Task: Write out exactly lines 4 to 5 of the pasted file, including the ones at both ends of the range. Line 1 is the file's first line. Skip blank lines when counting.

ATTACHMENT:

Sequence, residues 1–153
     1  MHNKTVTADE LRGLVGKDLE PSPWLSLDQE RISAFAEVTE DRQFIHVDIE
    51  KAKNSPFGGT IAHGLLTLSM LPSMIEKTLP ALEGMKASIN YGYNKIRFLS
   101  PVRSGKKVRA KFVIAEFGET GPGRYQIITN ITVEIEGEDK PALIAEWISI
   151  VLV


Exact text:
   101  PVRSGKKVRA KFVIAEFGET GPGRYQIITN ITVEIEGEDK PALIAEWISI
   151  VLV